"The rest of the homeowners benefit from high home values as a result of high quality schools.........it affects everyone, not just people with kids in schools and BENEFITS everyone. "
That would suggest that teachers that own homes in Pleasanton would also benefit from this correct?
So for those stating that asking the teachers to forfeit their step and column increases is a "double whammy" to teachers living in Pleasanton because they'll be paying the parcel tax as well, how is this so? How is the parcel tax both a negative hit to teachers that are homeowners, but a positive hit to homeowners that are not teachers?
Posted by Phil, a resident of the Pleasanton Meadows neighborhood, on Apr 22, 2009 at 1:33 pm
Sandy, to your point I have checked with most of my neighbors and if their opinion is consistent with the rest of the voters then measure "G" has no chance of passing as not one of them are voting for it. Based on this does anyone know what the next plan being considered is?
Posted by Russell, a member of the Vintage Hills Elementary School community, on Apr 22, 2009 at 1:59 pm
"...because of lack of fiscal accountability"
I haven't seen evidence of that. There was something about cell phones, car allowances, and solar panels. None of those things add up to the amount of decrease revenue from this once in a lifetime recession. I don't see how anyone could have planned for that.
We all benefit from good schools. It is more than just higher property values.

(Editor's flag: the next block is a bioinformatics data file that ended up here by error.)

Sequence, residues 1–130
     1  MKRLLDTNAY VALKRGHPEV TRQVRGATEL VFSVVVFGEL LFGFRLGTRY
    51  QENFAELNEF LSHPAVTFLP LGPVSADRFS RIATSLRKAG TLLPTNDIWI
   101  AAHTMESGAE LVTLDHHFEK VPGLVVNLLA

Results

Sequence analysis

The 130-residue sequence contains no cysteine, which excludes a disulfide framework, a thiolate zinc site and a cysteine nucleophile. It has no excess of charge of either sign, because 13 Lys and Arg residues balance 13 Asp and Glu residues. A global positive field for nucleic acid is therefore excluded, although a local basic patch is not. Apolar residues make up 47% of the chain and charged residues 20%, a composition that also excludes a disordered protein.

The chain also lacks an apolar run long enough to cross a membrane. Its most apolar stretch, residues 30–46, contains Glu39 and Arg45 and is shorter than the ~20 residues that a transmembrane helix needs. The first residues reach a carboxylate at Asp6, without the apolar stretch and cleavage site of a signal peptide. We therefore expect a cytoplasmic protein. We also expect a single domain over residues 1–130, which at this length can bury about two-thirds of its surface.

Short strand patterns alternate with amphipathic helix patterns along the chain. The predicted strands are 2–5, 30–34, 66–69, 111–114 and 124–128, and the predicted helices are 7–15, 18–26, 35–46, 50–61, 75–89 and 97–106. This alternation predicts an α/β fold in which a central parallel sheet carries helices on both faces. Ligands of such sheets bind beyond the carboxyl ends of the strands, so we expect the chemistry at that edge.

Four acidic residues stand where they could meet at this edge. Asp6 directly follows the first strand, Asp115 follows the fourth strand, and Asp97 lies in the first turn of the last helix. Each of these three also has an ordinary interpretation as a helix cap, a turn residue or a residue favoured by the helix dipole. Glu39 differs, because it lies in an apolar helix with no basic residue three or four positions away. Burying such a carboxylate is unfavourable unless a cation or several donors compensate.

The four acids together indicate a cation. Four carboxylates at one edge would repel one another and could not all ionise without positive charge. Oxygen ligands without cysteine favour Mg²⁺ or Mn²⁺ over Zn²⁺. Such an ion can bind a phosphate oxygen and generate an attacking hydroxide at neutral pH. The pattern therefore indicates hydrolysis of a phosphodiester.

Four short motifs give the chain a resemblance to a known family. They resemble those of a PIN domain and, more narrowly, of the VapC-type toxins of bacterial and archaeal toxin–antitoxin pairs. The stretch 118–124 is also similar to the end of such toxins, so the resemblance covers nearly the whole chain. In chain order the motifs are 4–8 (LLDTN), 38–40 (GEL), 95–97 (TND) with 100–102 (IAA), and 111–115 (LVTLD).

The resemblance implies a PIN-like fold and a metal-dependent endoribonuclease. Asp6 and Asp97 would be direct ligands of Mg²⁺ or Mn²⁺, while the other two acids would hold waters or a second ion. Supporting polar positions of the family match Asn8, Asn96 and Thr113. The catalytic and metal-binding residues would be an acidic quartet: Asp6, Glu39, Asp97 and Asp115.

Posted by Phil, a resident of the Pleasanton Meadows neighborhood, on Apr 22, 2009 at 3:47 pm
Russell, if your revenue source dries up then you must look at meaningful ways of reducing cost. Private businesses cannot just pass on higher prices for the same commodity and hope to stay in business. Lack of funding and revenue is going to be the way of the future and they will need to find out ways of operating in this environment otherwise very difficult times. The teachers are probably not the issue but I suspect that there are so pretty high priced salaries at the district office and maybe they should consider a workshare program for the district or better yet maybe Pleasanton and Livermore could combine into one office and reduce cost by reduction of redundancy........many ways of reducing cost.
Maybe not the most scientific but when you ask and they all say "no" before you can finish your sentence then it may be an indicator.
Posted by Russell, a member of the Vintage Hills Elementary School community, on Apr 22, 2009 at 9:38 pm
"Russell, if your revenue source dries up then you must look at meaningful ways of reducing cost."
Or you can look for other sources of revenue. As I said in another post on these forums, I'd rather see my taxes dollars keeping the quality of education high in Pleasanton than bailing out failed companies like AIG.